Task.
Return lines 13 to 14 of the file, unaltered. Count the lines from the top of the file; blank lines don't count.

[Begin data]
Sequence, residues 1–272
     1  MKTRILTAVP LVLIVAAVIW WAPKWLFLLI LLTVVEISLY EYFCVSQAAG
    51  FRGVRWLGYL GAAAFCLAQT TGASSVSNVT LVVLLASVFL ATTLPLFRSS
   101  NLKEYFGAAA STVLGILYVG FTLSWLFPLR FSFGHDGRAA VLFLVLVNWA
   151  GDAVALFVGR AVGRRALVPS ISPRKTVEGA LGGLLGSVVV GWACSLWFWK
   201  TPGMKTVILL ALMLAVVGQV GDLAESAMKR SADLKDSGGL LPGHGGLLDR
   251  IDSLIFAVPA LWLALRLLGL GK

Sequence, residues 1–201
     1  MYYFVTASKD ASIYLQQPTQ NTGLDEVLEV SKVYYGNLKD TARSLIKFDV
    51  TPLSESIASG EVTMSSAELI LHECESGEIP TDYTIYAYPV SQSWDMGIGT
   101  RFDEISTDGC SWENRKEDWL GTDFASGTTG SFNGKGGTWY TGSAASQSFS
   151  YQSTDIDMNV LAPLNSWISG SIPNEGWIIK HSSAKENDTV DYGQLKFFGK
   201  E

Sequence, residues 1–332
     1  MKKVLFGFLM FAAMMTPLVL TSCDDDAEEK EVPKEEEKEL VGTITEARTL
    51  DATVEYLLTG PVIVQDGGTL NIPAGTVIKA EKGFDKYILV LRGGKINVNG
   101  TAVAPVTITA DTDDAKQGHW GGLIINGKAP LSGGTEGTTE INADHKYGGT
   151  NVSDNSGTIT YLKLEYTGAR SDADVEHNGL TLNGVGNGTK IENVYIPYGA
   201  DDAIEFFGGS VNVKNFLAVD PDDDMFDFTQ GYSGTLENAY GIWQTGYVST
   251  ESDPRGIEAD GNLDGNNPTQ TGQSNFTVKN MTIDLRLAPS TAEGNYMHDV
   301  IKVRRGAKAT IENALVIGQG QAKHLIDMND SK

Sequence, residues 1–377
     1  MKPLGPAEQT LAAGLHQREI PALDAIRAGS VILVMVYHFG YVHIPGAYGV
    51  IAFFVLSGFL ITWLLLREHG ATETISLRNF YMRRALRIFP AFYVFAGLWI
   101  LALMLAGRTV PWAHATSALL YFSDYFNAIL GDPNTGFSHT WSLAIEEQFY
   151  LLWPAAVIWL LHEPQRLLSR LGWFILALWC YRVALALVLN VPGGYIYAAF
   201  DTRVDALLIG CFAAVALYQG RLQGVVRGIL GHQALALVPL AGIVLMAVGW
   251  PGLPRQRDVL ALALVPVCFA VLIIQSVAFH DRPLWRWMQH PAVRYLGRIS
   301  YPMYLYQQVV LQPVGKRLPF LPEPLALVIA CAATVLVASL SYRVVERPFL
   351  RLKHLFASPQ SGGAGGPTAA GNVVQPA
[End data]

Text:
   201  E

Sequence, residues 1–332